Danish Teachers Use Maple in Middle School Math Class; Students Score Highest Grade in School System- Maplesoft

User Case Study:
Danish Teachers Use Maple in Middle School Math Class; Students Score Highest Grade in School System

The Ministry of Education in Denmark wanted to introduce technology into middle schools across the country to better prepare students for future learning.

Jesper Estrup and Gitte Christiansen, teachers at Holbaek By Skole, afd. Absalon in Denmark, introduced Maple into STEM courses to meet this objective.

Estrup and Christiansen were able to move class materials and homework online and create a more interactive learning environment. As a result, their students achieved the highest grades in the school system on their final exam.

Learning is a life-long process and the earlier children are introduced to new skills and concepts the more time and opportunities they have for growth and success. This is especially true in science, technology, engineering and mathematics (STEM) fields, which involve complex concepts and problem solving. The Ministry of Education in Denmark wants middle school students working more with technology in the classroom to better prepare them for the future. Jesper Estrup and Gitte Christiansen, teachers at Holbaek By Skole, afd. Absalon in Denmark, identified Maple as a valuable tool in meeting this objective of using technology to teach complex STEM subjects.

Estrup began using Maple with Grade 6-9 students in 2014, and the following year, he was joined by Christiansen. Together they teach three classes using Maple and other digital tools. Some students were having difficulty focusing in their math classes. “There were several tools for them to focus on as learning was distributed between calculators and computers and paper and pens,” Estrup said. “We needed to simplify things and minimize the tools. With Maple, we could integrate all of the elements into one place. The learning process became much more streamlined, because students only had to focus on one screen.”

Maple enabled Estrup and Christiansen to integrate text, videos, Excel sheets and more, allowing them to move class materials and homework online. Students could access class notes from anywhere and assignments were delivered in the cloud. The results were extraordinary, Estrup said. “Not only did our students receive the highest grades in the school on the final exam, they had one of the highest grades in the entire public school system!” he said.

Both teachers feel that a key reason for that success was Maple’s ease of use combined with the digital nature of the tool. They believe computers feel natural to the current generation of students, and when trying to engage them, instructors sometimes lose sight of what methods work best. “Computers and other digital tools are how students interact with the world, so that’s what comes naturally to them,” Christiansen said. “Maple’s digital character allows them to play with math. They can manipulate problems and the math behind them, and see how the results are impacted. They actually have fun with it.”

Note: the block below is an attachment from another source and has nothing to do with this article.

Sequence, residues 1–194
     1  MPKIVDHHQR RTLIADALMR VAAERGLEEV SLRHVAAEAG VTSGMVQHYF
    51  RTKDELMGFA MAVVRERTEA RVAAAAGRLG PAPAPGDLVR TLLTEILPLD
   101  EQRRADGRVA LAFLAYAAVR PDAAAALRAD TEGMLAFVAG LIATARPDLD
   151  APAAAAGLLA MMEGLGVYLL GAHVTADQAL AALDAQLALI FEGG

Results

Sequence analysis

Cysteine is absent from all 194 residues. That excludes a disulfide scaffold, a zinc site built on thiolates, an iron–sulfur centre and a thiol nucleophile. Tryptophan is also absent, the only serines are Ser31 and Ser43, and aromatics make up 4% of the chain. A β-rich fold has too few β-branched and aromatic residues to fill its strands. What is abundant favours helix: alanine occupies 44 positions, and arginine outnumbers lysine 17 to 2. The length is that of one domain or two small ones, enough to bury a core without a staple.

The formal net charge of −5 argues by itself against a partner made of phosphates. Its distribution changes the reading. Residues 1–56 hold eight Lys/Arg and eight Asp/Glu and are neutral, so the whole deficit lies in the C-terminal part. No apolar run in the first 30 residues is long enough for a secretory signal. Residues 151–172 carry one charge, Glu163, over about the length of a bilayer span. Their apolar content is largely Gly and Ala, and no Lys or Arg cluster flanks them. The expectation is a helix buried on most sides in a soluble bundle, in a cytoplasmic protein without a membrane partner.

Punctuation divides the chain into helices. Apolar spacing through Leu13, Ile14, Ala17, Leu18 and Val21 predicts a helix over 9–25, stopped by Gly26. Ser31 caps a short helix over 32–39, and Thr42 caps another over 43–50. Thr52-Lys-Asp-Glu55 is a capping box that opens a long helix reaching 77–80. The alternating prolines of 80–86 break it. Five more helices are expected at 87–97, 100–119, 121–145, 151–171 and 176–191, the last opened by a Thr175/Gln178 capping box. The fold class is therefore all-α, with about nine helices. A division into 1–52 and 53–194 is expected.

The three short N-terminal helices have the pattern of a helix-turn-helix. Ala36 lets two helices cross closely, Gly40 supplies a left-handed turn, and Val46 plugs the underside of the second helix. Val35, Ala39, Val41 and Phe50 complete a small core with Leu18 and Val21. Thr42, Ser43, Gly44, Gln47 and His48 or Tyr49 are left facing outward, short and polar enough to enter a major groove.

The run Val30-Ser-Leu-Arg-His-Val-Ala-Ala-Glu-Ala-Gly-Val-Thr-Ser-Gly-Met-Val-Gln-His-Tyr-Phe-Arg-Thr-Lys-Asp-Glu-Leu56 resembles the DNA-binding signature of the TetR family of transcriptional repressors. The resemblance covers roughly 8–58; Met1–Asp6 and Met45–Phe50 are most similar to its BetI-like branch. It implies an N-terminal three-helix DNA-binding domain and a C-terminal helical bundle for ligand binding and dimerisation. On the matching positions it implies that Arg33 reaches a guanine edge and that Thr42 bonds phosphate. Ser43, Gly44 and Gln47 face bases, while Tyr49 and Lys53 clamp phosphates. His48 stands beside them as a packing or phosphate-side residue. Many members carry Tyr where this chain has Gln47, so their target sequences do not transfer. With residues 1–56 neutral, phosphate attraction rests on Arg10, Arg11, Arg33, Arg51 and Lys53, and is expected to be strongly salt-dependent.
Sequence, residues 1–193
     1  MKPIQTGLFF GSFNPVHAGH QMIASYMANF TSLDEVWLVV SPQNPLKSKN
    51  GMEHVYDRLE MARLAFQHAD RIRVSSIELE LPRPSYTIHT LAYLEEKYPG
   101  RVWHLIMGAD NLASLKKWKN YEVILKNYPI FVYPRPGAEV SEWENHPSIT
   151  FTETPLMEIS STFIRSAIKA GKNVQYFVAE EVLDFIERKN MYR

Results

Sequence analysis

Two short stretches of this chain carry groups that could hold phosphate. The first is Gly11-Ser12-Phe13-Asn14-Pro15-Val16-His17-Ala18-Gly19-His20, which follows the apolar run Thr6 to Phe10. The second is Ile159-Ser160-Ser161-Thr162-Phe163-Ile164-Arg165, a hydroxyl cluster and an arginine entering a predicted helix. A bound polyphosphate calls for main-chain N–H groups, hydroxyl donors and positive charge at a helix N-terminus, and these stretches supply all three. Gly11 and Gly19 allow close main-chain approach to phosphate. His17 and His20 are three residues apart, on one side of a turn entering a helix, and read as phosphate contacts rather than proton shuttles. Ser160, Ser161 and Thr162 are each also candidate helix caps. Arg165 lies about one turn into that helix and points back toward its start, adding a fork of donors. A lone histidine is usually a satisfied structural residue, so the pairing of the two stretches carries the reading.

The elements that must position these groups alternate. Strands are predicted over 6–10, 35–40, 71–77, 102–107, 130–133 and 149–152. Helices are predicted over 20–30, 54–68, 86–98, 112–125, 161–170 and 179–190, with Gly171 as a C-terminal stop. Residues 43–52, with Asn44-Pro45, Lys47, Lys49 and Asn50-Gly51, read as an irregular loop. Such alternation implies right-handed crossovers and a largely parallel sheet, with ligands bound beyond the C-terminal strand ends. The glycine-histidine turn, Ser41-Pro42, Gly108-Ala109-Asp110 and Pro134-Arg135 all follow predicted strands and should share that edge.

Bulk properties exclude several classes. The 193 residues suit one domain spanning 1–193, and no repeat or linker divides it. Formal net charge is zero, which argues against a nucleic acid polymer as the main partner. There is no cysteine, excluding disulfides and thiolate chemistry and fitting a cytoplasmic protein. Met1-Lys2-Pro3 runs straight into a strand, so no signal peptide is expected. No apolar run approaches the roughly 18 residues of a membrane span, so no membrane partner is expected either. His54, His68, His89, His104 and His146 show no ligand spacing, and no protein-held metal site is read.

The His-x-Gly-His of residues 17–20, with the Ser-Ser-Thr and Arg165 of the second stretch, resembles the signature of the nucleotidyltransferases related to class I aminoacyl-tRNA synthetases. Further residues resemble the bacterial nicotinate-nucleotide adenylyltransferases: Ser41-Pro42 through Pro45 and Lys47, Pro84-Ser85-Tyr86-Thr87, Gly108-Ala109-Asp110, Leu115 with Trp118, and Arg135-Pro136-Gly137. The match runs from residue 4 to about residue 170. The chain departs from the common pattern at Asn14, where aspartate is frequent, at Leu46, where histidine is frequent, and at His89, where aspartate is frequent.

Maple provides many other benefits, including any time accessibility for students, the ability for instructors to assist students at their point of difficulty, and the possibility of eliminating the risk of students losing materials as everything is saved electronically. Estrup and Christiansen particularly like the multimedia options and the ability to visualize math in Maple. They believe this makes the subject easier and more attractive to students. It also removes some of the limitations of a traditional classroom, Estrup noted. “We are not limited by school hours,” he said. “We can have online discussions and answer questions at any time. I had a discussion with students recently that lasted until 1:00 a.m.”

The Ministry of Education originally introduced its technology focus in 2009. Over time it became mandatory that all content in schools is delivered electronically. Students are given computers and are required to master a computer algebra system, Excel and a geometry program. At Absalon, students work through Danish Gymnasium Worksheets, a series of worksheets made available by Maple as teaching aids.

Implementing Maple has allowed students to move from book-based learning to more interactive and exploratory learning. They can research problems that interest them while still learning core concepts. Estrup recollected a 6th grade class that wanted to investigate how many of their classmates came from outside Denmark, and another class that wanted to study if there was a correlation between cellphone ownership and demographics such as ethnic backgrounds, income and other factors.  Both teachers believe that students analyze better and learn more deeply with the introduction of Maple. According to him, Maple has paved the way for more time in class to discuss new concepts, introduce more advanced topics, and also for students to work together in groups, helping each other.

The next objective for Estrup and Christiansen is to use Maple for Physics, Chemistry and other STEM courses in the school. Students love the new technology and are excited to use it more, Estrup said. “They can now work with more complex problems and play around with the math. Maple keeps them engaged with the course materials and has become an integral part of math classes.”

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